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Benjamin Netanyahu

  • Jewish-Arab partnership as an antidote to Jewish supremacism

    We need to redefine Israeli politics. No more left and right, liberal or conservative, religious versus secular. Instead: a new partnership of Arabs and Jews, working side-by-side to combat Jewish supremacism. By Meron Rapoport and Ameer Fakhoury Israel has been at a political dead end for many months, particularly since the most recent national election in September. The outgoing prime minister, Benjamin Netanyahu, has only 55 of the 61 mandates required to form a governing coalition. Benny Gantz, the head of the Blue and White party, says he wants to form a “liberal unity government” with Likud and Avigdor Liberman,…

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  • How 'Israel Hayom' became Trump’s mouthpiece in the Middle East

    Sheldon and Miriam Adelson are major donors to the Republican party and to Donald Trump’s presidency. In Israel, their free daily newspaper Israel Hayom promotes Trump relentlessly, with fawning editorials and selective reporting, which minimizes the scandals that have plagued his presidency. By Refael Afriat When Israel Hayom, now the most widely-read newspaper in Israel, was launched in 2007, it was promptly nicknamed the Bibiton (a portmanteau of Bibi, Benjamin Netanyahu’s nickname, and “iton,” the Hebrew word for newspaper). Over the ensuing 12 years, the editors developed several tools for promoting the prime minister: when Netanyahu wants to send a message,…

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  • The hypocrisy of Israel’s alliance with the Kurds

    Israel’s solidarity with the Kurds is duplicitous, not only because it also arms one of the Kurdish people’s biggest oppressors, but also because it supports their independence while denying millions of Palestinians that same right. By Sahar Vardi Messages of solidarity and support for the Kurdish people have dominated Israeli discourse since Turkey’s invasion of Rojava in northern Syria last week. A day after Turkey launched its attack, Israeli Prime Minister Benjamin Netanyahu wrote on Twitter: “Israel strongly condemns the Turkish invasion of the Kurdish areas in Syria and warns against the ethnic cleansing of the Kurds by Turkey and its proxies.…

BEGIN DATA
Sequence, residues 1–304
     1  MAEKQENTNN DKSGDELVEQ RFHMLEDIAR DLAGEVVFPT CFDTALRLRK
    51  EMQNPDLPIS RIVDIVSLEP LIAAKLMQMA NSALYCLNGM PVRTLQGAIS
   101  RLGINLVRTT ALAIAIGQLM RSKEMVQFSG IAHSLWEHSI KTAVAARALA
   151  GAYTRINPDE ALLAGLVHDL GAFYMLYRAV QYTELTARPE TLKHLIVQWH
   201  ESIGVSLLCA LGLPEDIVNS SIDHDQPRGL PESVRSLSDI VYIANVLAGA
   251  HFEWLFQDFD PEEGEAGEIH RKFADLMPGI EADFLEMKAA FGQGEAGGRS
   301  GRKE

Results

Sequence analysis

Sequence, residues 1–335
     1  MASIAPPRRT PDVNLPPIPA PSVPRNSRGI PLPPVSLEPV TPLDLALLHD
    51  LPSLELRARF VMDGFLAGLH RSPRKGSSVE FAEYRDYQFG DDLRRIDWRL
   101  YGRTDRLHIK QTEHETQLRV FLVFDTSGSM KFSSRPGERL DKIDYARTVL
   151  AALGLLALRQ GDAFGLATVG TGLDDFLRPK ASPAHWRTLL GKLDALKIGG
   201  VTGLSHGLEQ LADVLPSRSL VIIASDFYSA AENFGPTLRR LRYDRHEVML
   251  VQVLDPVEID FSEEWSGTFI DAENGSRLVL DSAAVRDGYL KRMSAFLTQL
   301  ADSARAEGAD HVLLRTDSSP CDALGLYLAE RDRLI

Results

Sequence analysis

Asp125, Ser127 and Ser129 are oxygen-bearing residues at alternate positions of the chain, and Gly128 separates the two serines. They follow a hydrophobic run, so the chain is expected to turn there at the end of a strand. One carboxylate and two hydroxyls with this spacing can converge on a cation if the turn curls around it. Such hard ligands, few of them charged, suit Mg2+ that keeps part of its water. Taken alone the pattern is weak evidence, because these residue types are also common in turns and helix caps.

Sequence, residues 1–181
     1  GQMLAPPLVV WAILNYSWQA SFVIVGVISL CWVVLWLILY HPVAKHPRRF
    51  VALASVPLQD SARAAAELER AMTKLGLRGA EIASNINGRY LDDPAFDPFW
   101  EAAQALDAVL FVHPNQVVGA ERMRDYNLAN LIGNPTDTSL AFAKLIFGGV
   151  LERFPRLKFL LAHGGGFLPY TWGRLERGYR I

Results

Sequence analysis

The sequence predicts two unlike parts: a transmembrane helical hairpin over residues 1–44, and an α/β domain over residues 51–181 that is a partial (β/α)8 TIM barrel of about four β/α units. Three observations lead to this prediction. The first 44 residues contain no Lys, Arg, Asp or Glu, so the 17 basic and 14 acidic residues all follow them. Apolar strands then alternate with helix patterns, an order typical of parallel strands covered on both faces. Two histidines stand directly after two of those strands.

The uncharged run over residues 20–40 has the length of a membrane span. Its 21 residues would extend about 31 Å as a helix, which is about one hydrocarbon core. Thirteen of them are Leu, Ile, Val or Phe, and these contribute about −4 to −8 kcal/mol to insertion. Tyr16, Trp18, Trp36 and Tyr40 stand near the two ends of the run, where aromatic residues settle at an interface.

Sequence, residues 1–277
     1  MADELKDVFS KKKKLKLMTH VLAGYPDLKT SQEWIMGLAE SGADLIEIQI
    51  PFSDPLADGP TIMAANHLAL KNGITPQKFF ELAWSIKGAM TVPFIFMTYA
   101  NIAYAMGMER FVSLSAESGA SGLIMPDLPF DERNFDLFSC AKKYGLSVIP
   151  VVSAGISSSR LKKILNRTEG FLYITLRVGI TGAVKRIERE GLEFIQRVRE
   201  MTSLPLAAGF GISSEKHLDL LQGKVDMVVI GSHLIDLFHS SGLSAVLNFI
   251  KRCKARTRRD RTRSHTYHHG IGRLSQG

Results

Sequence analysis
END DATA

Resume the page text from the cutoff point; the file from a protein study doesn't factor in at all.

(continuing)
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  • How Netanyahu mainstreamed his dark, anti-democratic vision for Israel

    By attacking the judiciary, bringing extremists into his coalition, and trying to subvert voting rights, Benjamin Netanyahu has presented a dark vision of an anti-democratic future for Israeli politics. By Harry Reis Benjamin Netanyahu emerged from September’s repeat elections a failure. Denied his desired majority, the prime minister’s only real hope of retaining power now depends on building a national unity government with Blue and White, a party that has pledged never to sit with him so long as the cloud of pending indictment looms over his head. But the stakes of the election outcome are far higher than the…

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  • In Israel, ‘politics as usual’ means escalating Palestinian oppression